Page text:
12. To win over the voters at large, be personable and generous and attend events that honor leaders; be available to those who need you, promote yourself, and never give up.
13. Learn the art of flattery—not normally an admirable art but important when you are running for office.
14. Do not go on vacation. Always be present to talk to the voters.
15. Say no rarely, but if you must say no, express your regret at turning down a request. Further, it is better to give a gracious lie as an excuse for saying no than to give an outright refusal. Promise you will make it up in some other way.
16. Say whatever you need to say to win over the support of the business community and the leaders of the towns. Don’t worry too much about having to break promises. When the time comes, you can always say that you would love to help if only you could.
17. Always think about publicity.
18. Smear your opponents. Point out their crimes, sexual scandals, and corruption.
19. Offer hope to your supporters. Let people know that you are for peace. Assure them that you are on their side but stick to vague generalities.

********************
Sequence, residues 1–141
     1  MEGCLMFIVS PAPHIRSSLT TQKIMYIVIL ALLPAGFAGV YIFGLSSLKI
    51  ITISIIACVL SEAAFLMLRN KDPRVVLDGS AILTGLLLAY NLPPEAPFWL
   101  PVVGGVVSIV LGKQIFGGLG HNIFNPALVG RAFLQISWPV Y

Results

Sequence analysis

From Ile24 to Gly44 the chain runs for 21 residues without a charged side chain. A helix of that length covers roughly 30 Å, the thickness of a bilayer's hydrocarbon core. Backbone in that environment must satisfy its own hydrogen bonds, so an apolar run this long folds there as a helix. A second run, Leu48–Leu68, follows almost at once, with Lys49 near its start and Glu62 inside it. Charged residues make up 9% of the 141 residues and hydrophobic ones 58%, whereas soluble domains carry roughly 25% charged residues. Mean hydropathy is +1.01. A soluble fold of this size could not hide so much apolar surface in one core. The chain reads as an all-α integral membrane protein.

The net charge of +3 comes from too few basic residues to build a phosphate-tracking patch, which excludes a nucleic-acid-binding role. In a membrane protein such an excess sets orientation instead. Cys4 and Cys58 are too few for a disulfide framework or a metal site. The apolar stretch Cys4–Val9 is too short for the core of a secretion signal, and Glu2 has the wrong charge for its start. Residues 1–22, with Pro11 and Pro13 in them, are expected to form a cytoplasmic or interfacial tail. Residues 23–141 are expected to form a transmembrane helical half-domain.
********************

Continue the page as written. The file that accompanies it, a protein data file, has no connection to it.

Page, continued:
So, does Quintus's advice sound familiar? It certainly seems like nothing has changed in over 2000 years.
Marcus Tullius Cicero did, indeed, win the election of 64 BCE and served as consul. He went on to be named Pater Patriae (Father of His Country) and struggled against the rise of dictators. Ultimately, however, in 43 BCE, he and his brother were murdered. The Roman Republic died and the Roman Empire rose.
Marie Carducci Bolchazy, EdD
President, Bolchazy-Carducci Publishers
|FALL 2015 Schedule|
Tuesday, October 27, 6–7:00 pm EST—The List(s) of the Seven Wonders of the Ancient World: The Uses and Abuses of Θαυματα
Presenter: Jennifer Tobin, Associate Professor of Classics and Mediterranean Studies, University of Illinois Chicago
Did you grow up thinking there was only “one” list of the seven wonders of the ancient world? Tobin’s webinar will explain the context of how the list of seven wonders came to be and how it evolved over time.
Tuesday, November 3, 6–7:00 pm EST—Coming Out Christian in the Roman World
Presenter: Douglas Boin, Assistant Professor, St. Louis University